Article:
Solar times are measures of the apparent position of the Sun on the celestial sphere. They are not actually the physical time, but rather hour angles, that is, angles expressed in time units. They are also local times in the sense that they depend on the longitude of the observer.
The length of a solar day varies throughout the year for two reasons. First, Earth's orbit is an ellipse, not a circle, so the Earth moves faster when it is nearest the Sun (perihelion) and slower when it is farthest from the Sun (aphelion) (see Kepler's laws of planetary motion). Second, due to Earth's axial tilt, the Sun moves along a great circle (the ecliptic) that is tilted to Earth's celestial equator. When the Sun crosses the equator at both equinoxes, it is moving at an angle to it, so the projection of this tilted motion onto the equator is slower than its mean motion; when the Sun is farthest from the equator at both solstices, it moves parallel to it and closer to the polar axis than the equator, so the projection of this parallel motion onto the equator is faster than its mean motion (see tropical year). Consequently, apparent solar days are shorter in March (26–27) and September (12–13) than they are in June (18–19) or December (20–21). These dates are shifted from those of the equinoxes and solstices by the fast/slow Sun at Earth's perihelion/aphelion.
The length of the mean solar day is increasing due to the tidal acceleration of the Moon by Earth, and the corresponding deceleration of the Earth by the Moon.
The mean Sun is defined as follows. First, consider a fictitious Sun that moves along the ecliptic at a constant speed and occupies the same position as the real Sun when Earth passes through the perihelion and also when it passes through the aphelion. Then, the mean sun is a second fictive Sun that moves along the celestial equator at constant speed and passing through the vernal point simultaneously with the first fictive sun.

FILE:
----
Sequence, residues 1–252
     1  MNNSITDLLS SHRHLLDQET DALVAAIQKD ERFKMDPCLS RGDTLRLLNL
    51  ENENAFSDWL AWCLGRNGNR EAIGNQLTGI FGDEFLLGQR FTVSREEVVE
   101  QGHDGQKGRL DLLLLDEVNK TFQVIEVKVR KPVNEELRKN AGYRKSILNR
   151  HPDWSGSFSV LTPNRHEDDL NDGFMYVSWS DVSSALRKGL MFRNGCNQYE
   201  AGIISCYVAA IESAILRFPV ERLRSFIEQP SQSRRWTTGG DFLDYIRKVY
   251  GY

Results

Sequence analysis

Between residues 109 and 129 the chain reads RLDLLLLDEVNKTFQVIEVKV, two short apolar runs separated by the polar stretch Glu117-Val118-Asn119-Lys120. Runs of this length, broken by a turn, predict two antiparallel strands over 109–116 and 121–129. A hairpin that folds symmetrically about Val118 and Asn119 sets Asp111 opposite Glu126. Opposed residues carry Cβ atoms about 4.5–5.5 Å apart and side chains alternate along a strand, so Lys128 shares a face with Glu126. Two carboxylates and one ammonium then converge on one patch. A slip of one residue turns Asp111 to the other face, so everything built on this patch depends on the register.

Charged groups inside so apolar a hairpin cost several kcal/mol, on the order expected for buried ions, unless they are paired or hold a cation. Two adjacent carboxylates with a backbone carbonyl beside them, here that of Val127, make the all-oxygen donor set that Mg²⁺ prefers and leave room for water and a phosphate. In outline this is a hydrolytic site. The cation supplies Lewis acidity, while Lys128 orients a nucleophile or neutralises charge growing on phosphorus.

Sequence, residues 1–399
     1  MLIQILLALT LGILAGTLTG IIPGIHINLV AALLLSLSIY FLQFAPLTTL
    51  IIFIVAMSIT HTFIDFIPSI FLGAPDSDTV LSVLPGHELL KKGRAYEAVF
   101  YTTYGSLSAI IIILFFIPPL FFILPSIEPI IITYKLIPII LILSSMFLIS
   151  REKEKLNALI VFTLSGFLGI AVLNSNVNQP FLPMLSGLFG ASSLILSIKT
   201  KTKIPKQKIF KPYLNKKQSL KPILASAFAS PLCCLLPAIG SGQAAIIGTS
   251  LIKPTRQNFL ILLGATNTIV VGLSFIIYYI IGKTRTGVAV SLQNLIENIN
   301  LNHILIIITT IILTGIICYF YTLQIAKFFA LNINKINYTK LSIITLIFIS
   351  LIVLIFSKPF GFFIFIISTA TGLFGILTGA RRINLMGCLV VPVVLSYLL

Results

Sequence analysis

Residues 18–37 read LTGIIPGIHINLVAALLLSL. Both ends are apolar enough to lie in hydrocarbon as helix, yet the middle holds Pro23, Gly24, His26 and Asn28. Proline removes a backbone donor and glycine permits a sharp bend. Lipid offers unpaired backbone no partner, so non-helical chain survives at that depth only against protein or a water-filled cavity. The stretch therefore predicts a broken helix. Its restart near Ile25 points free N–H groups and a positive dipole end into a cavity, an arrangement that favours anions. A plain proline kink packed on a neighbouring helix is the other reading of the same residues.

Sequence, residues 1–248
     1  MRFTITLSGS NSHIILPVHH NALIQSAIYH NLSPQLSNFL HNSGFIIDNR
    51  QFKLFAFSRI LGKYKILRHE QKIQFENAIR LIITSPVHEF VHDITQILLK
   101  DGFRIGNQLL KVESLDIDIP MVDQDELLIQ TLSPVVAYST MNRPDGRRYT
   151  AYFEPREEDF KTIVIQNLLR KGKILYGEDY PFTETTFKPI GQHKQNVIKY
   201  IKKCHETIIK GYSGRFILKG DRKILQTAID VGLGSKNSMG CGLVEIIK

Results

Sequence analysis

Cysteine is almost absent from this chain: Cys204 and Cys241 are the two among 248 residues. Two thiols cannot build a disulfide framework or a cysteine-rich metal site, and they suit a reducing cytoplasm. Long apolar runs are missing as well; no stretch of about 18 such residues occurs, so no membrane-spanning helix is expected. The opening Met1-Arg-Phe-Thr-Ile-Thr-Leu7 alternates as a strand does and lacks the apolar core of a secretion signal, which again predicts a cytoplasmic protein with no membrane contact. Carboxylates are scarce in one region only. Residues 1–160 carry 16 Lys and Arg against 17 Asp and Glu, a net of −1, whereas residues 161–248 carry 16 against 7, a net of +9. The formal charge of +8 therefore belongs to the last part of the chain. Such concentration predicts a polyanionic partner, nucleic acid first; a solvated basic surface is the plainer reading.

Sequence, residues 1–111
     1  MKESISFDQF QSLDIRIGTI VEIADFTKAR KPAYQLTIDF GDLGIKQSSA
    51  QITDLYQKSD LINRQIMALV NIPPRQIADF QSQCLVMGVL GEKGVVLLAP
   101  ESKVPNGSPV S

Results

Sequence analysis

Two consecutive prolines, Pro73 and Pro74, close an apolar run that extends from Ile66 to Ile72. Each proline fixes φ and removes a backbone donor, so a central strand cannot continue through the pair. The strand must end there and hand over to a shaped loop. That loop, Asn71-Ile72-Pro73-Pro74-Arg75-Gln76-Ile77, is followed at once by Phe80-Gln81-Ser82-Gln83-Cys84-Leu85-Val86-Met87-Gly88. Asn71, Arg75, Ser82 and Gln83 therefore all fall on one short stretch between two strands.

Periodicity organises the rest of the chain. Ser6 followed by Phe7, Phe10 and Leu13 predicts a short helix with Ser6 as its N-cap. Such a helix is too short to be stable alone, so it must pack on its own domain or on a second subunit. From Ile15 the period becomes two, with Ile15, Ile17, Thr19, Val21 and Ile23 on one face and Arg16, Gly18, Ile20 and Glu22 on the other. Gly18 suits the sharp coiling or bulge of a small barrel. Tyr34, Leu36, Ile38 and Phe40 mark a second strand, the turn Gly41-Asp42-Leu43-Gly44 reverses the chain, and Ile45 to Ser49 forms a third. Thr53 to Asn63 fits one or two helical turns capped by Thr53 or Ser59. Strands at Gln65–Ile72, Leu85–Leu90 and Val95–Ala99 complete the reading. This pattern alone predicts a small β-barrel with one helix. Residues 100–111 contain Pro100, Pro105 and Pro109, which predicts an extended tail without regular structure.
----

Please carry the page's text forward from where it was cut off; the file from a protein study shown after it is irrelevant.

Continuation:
Nevertheless, it has long been known that the sun moves eastward relative to the fixed stars along the ecliptic. Thus since the middle of the first millennium BC, the diurnal rotation of the fixed stars has been used to determine mean solar time, against which clocks were compared to determine their error rate. Babylonian astronomers knew of the equation of time and were correcting for it as well as the different rotation rate of stars, sidereal time, to obtain a mean solar time much more accurate than their water clocks. This ideal mean solar time has been used ever since then to describe the motions of the planets, Moon, and Sun.
Mechanical clocks did not achieve the accuracy of Earth's "star clock" until the beginning of the 20th century. Even though today's atomic clocks have a much more constant rate than the Earth, its star clock is still used to determine mean solar time. Since sometime in the late 20th century, Earth's rotation has been defined relative to an ensemble of extra-galactic radio sources and then converted to mean solar time by an adopted ratio. The difference between this calculated mean solar time and Coordinated Universal Time (UTC) is used to determine whether a leap second is needed.
Solar time can be calcluated without a sundial or any knowledge about trigonometry, by basing the solar time calculation on UTC (Coordinated Universal Time), an approximation of UT (Universal Time). By taking the longitude and dividing it by 15, the number of degrees the Sun moves per hour, the difference is obtained between local solar time & Universal Time. From this, take the UTC time and add the time difference.